Hang on, folks, that Windows Server source code could end up being more free than we thought. Nobody (me included) thought that Microsoft's offer to make the source code available for inspection, at a price to be determined, would be the last word in its antitrust dispute with the European Commission; the EC has continued to press Microsoft to do things the EC's way, and it still has plenty of hammer to swing to enforce its wishes. But its newest demand of Microsoft is hilariously ironic: The EC says Microsoft can't charge anyone to see the source unless it can prove enough "innovation."
Innovation! Does that word ring a few bells? Of course it does--it was the very word Microsoft dropped into literally every statement of defense it made against the various antitrust complaints when they began a few years back. "We need to be free to innovate." And said "innovation" would be whatever Microsoft said it was, no matter the frequent and derisive counters that Microsoft has rarely innovated from scratch (buying DOS, adapting Xerox PARC and Apple work for Windows, mimicking VisiCalc and Lotus 1-2-3 conventions to arrive at Excel, etc.).
Microsoft is now somewhat hoist upon its own petard here, with the EC determining what will constitute "innovation" in Windows Server and giving precious few clues upfront as to what that word means. That will no doubt irk Microsoft, which presumably has to show that the communications protocols in Windows Server function at some level that other software can't match. Since the two bodies are fighting over such matters as the documentation provided to the EC's test analyst, don't assume that meeting that challenge will be simple.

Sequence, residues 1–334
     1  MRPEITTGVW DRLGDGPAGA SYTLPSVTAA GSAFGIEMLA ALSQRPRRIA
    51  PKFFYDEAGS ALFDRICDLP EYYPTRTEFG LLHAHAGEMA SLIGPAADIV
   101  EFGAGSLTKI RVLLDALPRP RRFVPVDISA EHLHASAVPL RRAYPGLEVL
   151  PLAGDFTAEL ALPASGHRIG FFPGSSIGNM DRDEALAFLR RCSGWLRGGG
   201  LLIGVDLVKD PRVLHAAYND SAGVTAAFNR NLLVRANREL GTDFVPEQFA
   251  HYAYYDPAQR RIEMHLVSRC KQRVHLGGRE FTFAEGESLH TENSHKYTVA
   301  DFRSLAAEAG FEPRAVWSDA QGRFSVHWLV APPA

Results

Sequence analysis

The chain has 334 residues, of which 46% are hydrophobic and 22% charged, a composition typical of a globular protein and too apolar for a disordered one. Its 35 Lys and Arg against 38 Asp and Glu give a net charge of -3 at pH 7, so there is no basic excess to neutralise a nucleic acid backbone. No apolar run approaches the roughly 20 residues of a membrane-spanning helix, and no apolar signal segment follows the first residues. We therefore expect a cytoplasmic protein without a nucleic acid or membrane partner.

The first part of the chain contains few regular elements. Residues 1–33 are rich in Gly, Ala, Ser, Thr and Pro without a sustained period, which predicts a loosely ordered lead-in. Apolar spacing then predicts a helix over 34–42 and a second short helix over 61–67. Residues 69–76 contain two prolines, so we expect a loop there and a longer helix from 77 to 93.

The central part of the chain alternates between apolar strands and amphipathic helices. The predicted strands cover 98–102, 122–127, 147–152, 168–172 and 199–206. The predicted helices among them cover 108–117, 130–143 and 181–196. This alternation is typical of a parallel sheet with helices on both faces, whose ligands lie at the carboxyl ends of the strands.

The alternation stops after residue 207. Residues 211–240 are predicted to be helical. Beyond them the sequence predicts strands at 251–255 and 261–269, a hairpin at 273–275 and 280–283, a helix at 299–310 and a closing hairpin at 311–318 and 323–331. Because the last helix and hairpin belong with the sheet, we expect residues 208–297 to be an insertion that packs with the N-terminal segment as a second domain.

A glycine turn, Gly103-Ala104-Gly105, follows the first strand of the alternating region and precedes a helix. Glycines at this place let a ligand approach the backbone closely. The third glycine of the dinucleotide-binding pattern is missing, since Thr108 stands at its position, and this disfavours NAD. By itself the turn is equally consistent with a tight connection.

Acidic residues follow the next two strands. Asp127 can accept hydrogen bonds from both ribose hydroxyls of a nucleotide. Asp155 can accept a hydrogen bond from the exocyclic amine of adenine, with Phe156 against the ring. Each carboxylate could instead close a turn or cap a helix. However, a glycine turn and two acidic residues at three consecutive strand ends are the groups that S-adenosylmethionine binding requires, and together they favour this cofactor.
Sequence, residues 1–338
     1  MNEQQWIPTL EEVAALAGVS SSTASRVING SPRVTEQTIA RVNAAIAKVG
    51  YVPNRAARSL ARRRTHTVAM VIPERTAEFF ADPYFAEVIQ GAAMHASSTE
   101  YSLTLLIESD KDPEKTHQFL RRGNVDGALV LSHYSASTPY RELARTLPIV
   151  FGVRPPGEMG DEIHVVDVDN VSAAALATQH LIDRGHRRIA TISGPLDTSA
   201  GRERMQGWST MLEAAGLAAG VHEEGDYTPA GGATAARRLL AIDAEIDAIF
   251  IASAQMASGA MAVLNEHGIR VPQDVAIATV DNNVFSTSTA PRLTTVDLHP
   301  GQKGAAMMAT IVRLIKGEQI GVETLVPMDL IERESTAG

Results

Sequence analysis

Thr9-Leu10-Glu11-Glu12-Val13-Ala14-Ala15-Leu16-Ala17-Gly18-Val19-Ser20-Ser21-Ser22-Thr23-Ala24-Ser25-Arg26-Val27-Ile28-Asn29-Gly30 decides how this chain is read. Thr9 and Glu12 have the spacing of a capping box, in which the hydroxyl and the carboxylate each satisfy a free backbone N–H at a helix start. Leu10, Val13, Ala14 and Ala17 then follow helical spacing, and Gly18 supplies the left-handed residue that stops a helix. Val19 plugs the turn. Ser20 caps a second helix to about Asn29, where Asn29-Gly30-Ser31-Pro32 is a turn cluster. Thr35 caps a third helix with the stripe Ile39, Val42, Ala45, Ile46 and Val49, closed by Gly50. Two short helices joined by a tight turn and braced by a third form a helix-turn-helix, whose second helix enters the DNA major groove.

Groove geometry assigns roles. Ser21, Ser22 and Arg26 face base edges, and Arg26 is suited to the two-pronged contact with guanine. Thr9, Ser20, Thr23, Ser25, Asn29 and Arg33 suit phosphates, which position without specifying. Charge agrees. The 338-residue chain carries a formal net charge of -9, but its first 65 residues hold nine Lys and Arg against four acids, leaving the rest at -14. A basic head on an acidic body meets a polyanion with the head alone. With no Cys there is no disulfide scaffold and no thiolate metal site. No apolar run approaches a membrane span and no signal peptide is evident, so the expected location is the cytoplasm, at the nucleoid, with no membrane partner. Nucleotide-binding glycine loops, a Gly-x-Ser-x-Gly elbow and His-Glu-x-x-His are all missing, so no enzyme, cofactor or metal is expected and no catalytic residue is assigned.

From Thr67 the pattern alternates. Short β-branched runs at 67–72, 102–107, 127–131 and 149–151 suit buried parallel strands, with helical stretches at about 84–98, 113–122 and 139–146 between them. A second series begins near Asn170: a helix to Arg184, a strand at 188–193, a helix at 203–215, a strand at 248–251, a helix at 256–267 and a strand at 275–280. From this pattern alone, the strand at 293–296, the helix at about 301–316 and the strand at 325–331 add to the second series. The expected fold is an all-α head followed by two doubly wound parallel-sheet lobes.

What does this mean for you? If Redmond's engineers can't convince the EC that Windows Server is sufficiently innovative, then maybe you get to see the source for no charge...or, maybe you don't get to see it at all as the two bodies spar over a permanent solution to the EC's requirements. One thing is for sure: Microsoft never goes down without a fight, and there's nothing different about this dispute.
(A petard, by the way, was a small bomb designed to breach fort walls in medieval times; the word came into English around the time that Shakespeare was writing Hamlet, and he inserted it into his play. So ends your vocabulary lesson for the day....)